An important function of the building envelope is noise mitigation. Mixed-use buildings offer the benefit of social activities adjacent to habitable units, but spaces such as restaurants and bars will often operate late into the night, and require the ability to generate higher noise levels.
Building industry professionals largely agree on the importance of moisture control methods, but there is frequent confusion about the use of vapor and air barriers. To make the right decision on which methods and materials to include in a building envelope, it is critical to understand the simple, yet significant, differences between air and vapor barriers, and their role as part of an effective system.
Building professionals need to not just anticipate failures, but also understand how structures fail. Exterior wall systems designed to recover when exposed to failure must be employed to make the building envelope truly robust.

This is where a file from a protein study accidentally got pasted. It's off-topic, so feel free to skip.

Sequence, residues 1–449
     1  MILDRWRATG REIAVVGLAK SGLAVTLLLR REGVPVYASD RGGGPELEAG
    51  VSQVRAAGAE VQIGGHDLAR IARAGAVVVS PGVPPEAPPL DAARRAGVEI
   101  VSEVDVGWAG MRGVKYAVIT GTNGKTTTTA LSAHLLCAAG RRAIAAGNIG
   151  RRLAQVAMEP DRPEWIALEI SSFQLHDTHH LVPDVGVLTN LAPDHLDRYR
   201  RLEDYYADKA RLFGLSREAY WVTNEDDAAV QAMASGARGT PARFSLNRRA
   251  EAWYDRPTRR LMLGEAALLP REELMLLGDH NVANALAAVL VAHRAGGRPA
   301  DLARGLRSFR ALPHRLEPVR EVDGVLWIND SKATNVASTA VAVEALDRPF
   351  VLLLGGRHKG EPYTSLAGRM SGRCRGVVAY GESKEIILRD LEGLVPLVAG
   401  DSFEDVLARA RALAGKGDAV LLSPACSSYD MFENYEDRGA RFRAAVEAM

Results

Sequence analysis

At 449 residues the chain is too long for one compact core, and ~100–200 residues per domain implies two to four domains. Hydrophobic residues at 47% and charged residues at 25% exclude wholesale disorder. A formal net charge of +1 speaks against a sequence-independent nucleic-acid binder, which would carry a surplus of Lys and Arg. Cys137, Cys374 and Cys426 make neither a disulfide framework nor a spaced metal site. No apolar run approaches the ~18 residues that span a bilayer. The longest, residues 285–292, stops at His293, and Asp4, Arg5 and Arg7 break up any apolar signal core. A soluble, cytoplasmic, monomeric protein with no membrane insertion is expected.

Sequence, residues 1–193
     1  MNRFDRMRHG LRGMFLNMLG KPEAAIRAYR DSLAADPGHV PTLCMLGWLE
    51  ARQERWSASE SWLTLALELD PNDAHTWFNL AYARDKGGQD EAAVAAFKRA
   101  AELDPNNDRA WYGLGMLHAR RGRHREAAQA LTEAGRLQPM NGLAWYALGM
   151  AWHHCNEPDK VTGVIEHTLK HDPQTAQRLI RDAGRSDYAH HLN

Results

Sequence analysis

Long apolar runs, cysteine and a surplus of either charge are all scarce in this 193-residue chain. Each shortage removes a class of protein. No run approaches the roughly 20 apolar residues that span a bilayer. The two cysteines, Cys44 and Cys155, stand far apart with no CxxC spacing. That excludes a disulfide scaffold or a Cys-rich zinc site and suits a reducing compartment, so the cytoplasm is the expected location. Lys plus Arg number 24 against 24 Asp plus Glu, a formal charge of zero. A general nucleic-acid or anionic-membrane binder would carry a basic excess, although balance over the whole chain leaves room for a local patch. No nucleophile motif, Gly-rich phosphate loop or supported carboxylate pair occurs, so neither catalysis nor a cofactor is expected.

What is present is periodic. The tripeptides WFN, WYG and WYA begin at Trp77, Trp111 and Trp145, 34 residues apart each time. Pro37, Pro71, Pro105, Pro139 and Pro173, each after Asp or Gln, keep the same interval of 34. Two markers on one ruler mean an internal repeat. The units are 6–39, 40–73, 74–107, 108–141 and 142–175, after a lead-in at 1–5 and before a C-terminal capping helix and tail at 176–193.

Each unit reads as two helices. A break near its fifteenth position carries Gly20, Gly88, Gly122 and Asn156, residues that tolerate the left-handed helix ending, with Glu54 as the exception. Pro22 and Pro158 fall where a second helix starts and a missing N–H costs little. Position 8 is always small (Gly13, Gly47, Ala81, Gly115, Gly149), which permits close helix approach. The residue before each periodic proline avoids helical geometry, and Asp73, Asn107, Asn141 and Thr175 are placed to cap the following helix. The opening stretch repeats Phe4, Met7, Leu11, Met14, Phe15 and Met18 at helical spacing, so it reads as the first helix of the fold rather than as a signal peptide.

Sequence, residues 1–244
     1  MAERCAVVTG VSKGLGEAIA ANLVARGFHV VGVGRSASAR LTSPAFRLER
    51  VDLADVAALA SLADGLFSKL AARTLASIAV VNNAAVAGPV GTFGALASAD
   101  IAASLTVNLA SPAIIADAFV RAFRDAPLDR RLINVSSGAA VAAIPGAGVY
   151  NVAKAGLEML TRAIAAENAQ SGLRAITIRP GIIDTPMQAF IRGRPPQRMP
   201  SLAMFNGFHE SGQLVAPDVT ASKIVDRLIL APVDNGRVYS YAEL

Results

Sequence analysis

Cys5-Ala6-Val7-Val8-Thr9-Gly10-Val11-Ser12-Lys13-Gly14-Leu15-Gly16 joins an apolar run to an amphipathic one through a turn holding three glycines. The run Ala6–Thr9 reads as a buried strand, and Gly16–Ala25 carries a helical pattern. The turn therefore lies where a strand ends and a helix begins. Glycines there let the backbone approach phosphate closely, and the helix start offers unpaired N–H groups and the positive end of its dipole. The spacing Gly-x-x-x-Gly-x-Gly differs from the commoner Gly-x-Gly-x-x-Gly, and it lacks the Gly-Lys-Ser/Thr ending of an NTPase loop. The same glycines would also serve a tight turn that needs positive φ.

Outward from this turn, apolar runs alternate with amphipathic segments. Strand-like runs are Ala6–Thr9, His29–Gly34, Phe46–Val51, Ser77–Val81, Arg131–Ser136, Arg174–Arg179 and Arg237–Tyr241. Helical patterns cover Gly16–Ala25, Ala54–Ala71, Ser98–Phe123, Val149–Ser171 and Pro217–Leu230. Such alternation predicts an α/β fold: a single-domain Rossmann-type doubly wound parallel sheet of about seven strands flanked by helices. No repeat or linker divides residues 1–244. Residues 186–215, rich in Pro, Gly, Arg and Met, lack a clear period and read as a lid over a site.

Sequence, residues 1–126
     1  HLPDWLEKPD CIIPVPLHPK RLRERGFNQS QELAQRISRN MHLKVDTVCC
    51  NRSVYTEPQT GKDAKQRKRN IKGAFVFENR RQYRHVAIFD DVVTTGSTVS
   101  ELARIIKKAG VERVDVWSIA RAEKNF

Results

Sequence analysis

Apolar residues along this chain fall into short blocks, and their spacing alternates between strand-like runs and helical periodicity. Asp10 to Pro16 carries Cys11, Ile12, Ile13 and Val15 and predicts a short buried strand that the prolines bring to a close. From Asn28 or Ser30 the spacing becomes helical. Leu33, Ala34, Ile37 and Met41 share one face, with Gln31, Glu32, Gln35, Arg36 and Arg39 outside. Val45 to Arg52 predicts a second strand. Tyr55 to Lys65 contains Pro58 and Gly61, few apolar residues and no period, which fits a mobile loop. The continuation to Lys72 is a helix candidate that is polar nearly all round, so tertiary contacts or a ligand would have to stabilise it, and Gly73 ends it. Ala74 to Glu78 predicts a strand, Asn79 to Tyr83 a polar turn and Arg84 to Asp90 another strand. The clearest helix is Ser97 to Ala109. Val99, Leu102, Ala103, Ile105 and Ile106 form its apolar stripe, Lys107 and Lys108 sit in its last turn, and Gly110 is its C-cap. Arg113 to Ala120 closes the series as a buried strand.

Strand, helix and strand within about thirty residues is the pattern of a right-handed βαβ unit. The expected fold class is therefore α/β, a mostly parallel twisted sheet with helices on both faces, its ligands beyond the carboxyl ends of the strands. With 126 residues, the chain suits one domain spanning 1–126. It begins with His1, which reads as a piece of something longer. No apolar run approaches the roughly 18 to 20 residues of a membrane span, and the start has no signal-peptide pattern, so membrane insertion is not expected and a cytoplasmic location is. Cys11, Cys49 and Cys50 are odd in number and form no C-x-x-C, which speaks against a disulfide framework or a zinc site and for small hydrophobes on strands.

What does it take for gymnasiums or buildings with wide-open interior spaces to achieve a platinum certification under the Leadership in Energy and Environmental Design (LEED) rating program? With a floor area of 700 m2 (7500 sf) and a ceiling height of 7.3 m (24 ft), a typical high school or junior college gym has a vast interior space to heat or cool—approximately 5100 m3 (180,000 cf) of volume—so an ultra-energy-efficient envelope is crucial.1
The conversation about the cavity in masonry wall systems, to say the least, is ongoing. There is a general agreement on the need for separation between the backside of the veneer and the exterior face of the structural backup wall. However, there is some discussion about the functions this cavity performs and their prioritization.